China’s Military Reform: The Quest for “Jointness” in Action
Photo Credit: Reuters
By Amrita Jash

China’s Military Reform: The Quest for “Jointness” in Action

Oct. 25, 2018  |     |  0 comments

On February 1, 2016, Chinese armed forces transitioned from seven military regions (MRs)[1] to five theater commands (战区).[2] This strategic move aims at building a joint battle system and strengthening joint command ensuring the People’s Liberation Army’s (PLA’s) capability of “fighting and winning battles and effectively safeguarding China’s national security.” In particular, the primary focus of the theater commands lies in “combat,” and Chinese President Xi Jinping has categorically stated that the joint battle command system needs to be “absolutely loyal, resourceful in fighting, efficient in commanding and courageous and capable of winning wars.” Such military primacy lies in enhancing “the training of joint operations and command in order to win the initiative in future wars.” Here, the keyword is “jointness,” which according to US military doctrine implies a “cross-Service combination wherein the capability of the joint force is understood to be synergistic, with the sum greater than its parts (the capability of individual components).” The applicability lies in a theater command which acts as the organizational structure that coordinates and controls the jointness of all military assets in a theater of war. In this perspective, the query lies in understanding China’s drive towards attaining jointness.

Given the incremental changes made to its Soviet-based military model, China’s creation of the theater commands has been the largest reform in Chinese military since 1950. The past reforms were mainly witnessed in terms of revision of the MR system in 1985, creation of new general departments in 1998, and the addition of an independent branch, the Second Artillery Force in 1966. However, the PLA largely remained centered on the ground forces. This one-way Chinese approach called for a significant weakness in terms of “an outdated command and control (C2) structure in which the services, rather than theater commanders, possessed operational authority during peacetime.”

With the restructuring, China has streamlined the command structure with the primary aim to prevent bottlenecks in communication — a result of the Ground Forces’ dominance in the C2 process. To fill this gap, it remains indisputable that China’s newly formed theater command framework has significantly drawn from the US military model based on the “Goldwater-Nichols Department of Defense Reorganization Act of 1986” — in which authority flows from the President and Secretary of Defense to the commanders of the regional unified combatant commands, who lead joint forces within their respective theaters, while Service chiefs are responsible to “organize, train, and equip” troops. Similarly, China’s newfound C2 works under a three-tier command system of Central Military Commission (CMC)–Theater Commands–Troops, thereby segregating the operational and administrative chains of command. In comparison to the US model, the difference is that China’s theater commands are limited to China’s own land boundary; second, the CMC is the over-arching authority over the PLA; and finally, the PLA’s primary responsibility lies in defending the rule of the Chinese Communist Party (CCP). These differences therefore make the Chinese case to be rightly described as “Goldwater-Nichols with Chinese characteristics.”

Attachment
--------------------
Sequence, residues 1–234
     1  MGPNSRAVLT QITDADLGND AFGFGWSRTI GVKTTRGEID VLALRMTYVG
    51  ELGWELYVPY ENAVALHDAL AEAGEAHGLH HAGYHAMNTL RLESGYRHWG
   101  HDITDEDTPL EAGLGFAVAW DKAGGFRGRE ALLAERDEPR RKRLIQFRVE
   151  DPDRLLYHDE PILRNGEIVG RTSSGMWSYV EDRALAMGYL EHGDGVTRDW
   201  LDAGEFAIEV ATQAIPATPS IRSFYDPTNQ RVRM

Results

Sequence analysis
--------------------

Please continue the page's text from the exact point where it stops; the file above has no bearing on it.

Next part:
The Chinese military force has been dominantly a “green” army that is “organized, trained and manned to conduct ground combat missions, mainly focused on repelling a land invasion and ensuring domestic stability.” However, taking a departure from the old framework, the 2015 Defense White Paper expounded the change in the Chinese military agenda, as, unlike the past, as noted: the PLA Army “will continue to reorient from theater defense to trans-theater mobility”; the PLA Navy “will gradually shift its focus from ‘offshore waters defense’ to the combination of ‘offshore waters defense’ and ‘open seas protection’”; and the PLA Air Force “will endeavor to shift its focus from territorial air defense to both defense and offense.” What called for China to turn towards “jointness”?

This restructuring towards jointness further clarifies China’s significant departure from Deng Xiaoping’s dictum of “keeping a low profile.” The theater commands exemplify China’s confidence and military preparedness towards fighting future wars.